“The idea that people can be extradited to another country for a crime done in the UK is extraordinary” — thus began an event in London called ‘British justice for British Citizens’, held by families of four British men who are in prison in the UK and will, unless British politicians are quick to take action, be sent off to the US, under the US-UK extradition treaty. The treaty has received much criticism in Britain — the UK Commons Home Affairs Select Committee has said it is “easier to extradite a British citizen to the US than vice versa”.
All four men are British. Of these, two are Muslims. Of the two, one has Asperger’s syndrome, a kind of autism. He writes touching poems from jail — about scrubbing toilets while prison guards demand to know, “Where is your God now?” and about wanting to travel back in time and tripping his mother when she was pregnant with him so she would miscarry.
Accused of running a jihadist website based on undisclosed evidence, Babar Ahmad and Talha Ahsan have been in UK prisons for eight and six years respectively, fighting extradition. Evidence in their cases was believed to be insufficient to try them in the UK, according to the Crown Prosecution Service, making the former the longest serving prisoner to be held in Britain without charge.
The allegations against them are serious, and no one supporting their cause is arguing otherwise. Their only demand is that these men be tried and convicted in the UK, where they committed the crimes. This does not seem unreasonable and while all British citizens need to be concerned about this treaty, I am more worried about the two British Muslims.
Why? Maajid Nawaz, co-founder and chairman of counter-extremism think thank Quilliam and a former member of the Hizbut Tahrir, explained: “In the ashes of the war on terror, the extradition of Ahmed and Ahsan will be seized upon by Islamist extremists to further increase the void between Muslim communities and their government.”
Why isn’t the US paying attention to this? They are quick to strike us with drones, which reportedly kill more innocent people than militants, which some may say is a cure, but what about tackling and preventing terrorism in other arenas? What about giving these men their due rights by allowing them to be tried in the UK, rather than shipping them off to the US?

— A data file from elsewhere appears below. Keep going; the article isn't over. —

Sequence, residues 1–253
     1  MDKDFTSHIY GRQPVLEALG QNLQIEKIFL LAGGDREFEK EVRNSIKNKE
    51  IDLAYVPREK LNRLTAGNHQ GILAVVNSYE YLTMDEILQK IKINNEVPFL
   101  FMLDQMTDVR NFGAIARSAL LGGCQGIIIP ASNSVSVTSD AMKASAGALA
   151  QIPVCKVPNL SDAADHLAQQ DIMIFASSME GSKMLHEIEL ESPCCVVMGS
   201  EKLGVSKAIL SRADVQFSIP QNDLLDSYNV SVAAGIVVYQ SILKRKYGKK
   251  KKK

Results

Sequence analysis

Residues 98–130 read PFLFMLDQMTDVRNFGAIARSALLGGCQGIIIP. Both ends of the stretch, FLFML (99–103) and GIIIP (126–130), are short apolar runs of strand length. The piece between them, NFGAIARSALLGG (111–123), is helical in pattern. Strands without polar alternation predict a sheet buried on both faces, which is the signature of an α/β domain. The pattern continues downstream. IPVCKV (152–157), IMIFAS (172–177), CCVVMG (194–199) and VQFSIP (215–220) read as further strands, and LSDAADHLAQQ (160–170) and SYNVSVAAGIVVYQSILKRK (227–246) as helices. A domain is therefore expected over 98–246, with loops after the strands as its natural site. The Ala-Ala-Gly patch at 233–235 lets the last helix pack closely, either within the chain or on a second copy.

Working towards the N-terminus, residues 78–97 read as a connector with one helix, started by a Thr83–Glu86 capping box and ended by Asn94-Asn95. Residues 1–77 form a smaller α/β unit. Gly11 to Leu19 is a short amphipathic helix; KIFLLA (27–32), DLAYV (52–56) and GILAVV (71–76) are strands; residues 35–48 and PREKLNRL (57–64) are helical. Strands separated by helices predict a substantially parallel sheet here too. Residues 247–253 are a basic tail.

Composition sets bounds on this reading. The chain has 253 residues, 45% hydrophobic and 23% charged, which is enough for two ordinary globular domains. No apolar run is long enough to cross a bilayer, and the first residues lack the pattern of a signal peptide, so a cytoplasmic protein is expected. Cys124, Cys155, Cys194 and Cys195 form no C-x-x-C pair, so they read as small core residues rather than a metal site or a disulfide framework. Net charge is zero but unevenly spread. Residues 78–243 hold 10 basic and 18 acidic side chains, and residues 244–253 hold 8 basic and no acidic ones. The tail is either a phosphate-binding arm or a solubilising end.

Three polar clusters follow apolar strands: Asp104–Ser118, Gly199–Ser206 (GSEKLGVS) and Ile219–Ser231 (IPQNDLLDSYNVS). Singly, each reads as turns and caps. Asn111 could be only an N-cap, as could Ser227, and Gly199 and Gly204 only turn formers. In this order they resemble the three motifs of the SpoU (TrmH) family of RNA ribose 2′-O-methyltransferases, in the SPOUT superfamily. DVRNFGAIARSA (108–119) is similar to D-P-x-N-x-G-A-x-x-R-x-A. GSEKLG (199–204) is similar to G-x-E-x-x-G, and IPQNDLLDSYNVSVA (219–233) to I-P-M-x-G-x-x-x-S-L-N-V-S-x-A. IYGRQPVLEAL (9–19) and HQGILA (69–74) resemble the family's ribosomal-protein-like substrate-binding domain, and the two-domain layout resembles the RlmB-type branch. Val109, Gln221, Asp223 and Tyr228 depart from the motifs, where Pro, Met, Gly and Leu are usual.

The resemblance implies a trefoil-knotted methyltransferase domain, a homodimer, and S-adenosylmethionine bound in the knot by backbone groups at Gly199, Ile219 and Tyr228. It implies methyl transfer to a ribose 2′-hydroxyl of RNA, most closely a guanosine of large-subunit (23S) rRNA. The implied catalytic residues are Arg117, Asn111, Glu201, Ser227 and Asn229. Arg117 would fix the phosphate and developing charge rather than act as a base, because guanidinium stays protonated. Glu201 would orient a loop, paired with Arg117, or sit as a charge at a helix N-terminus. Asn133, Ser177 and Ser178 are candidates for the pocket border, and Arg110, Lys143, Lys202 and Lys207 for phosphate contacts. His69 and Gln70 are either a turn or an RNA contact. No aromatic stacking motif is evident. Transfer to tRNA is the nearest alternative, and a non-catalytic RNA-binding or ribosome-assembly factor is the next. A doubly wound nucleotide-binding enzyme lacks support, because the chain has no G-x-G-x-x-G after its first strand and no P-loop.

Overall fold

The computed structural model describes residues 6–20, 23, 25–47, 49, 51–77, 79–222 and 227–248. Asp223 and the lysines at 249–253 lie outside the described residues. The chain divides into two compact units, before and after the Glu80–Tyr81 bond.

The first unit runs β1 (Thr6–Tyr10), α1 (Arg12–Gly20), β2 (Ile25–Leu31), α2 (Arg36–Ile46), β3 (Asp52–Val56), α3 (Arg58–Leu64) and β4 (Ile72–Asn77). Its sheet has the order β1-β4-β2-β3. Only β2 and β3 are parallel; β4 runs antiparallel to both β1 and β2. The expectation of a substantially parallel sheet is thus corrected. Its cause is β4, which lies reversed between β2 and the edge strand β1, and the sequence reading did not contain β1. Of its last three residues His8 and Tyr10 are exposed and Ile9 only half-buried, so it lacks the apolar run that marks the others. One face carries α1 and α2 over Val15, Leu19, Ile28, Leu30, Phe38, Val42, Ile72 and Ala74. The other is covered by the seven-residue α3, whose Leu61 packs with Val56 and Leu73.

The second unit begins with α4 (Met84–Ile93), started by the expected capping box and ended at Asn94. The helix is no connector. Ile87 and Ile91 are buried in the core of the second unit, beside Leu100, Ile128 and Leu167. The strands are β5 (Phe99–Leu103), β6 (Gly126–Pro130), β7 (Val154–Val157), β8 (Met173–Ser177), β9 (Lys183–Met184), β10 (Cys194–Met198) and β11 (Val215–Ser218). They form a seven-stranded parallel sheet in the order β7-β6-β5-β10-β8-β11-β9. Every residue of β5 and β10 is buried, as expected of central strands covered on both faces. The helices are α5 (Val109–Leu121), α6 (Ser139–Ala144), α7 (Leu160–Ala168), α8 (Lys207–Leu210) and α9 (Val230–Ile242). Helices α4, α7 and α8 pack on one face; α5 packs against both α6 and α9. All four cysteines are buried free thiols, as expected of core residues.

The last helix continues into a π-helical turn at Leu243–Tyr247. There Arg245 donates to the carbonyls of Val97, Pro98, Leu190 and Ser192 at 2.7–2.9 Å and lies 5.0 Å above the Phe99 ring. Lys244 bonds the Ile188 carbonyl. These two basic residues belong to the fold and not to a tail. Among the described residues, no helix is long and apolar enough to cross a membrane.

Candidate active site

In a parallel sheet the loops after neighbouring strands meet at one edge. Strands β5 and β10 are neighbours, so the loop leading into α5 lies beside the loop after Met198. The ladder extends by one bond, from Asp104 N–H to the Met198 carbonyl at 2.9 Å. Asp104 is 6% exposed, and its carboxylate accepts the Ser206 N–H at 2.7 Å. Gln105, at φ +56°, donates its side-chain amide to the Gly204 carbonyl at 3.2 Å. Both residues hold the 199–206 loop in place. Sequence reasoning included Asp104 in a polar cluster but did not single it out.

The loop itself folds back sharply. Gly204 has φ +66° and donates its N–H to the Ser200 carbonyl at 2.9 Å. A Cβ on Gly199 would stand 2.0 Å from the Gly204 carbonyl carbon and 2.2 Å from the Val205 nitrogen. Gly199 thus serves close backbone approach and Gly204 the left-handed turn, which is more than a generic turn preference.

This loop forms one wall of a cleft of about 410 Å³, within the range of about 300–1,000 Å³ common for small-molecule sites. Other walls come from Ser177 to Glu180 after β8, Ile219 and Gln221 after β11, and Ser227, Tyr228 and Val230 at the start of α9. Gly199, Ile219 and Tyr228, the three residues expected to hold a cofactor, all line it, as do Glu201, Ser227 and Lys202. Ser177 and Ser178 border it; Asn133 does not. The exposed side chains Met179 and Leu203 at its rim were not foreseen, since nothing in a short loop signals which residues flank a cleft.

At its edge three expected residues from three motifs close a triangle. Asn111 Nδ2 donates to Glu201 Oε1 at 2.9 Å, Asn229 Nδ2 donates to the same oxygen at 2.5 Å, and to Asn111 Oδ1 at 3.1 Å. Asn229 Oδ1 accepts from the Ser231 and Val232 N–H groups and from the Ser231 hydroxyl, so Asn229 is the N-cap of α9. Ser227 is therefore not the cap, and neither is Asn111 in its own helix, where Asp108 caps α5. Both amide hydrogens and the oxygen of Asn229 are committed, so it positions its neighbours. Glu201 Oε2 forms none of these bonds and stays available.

The men in question will most likely be locked up in ADX Florence, a ‘super-max’ prison in the US state of Colorado, subjected to ‘special administrative measures’ (SAMS) and tried for crimes committed nowhere near the US mainland. According to David Bermingham, a British banker who was extradited to the US in 2006, chances are that their families may never see them again because they, unlike him, don’t have the contacts and money to get out of this situation.
If the European Court of Human Rights could be convinced that the treatment these men will be given in the US constitutes torture, they could stop the extradition. Unfortunately, it has ruled that this is in fact not going to be the case.
There are many who believe that over the years there has been a constant watering down of fundamental rights in America and that extradition to the US is akin to extradition to Purgatory. Pakistani-American Syed Fahad Hashmi who is now serving a 15-year prison sentence under SAMS gets to see one parent every two weeks and is allowed to read only censored newspapers 30 days after publication. He, too, was held for almost three years without being charged prior to his trial. In principle, many MPs in the UK oppose the terms of the treaty that governs extradition to the US, yet reform is not about to take place any time soon because that would mean a high diplomatic cost for London.
We are all stakeholders in the war on terror and we need to ensure that terrorism is fought in a manner that helps defeat the terrorists. However, the measures used in fighting the war should not give people additional reason to hate the US. In Nawaz’s words: “Humane interventions can make a world of difference in de-radicalising people.”
Published in The Express Tribune, June 1st, 2012.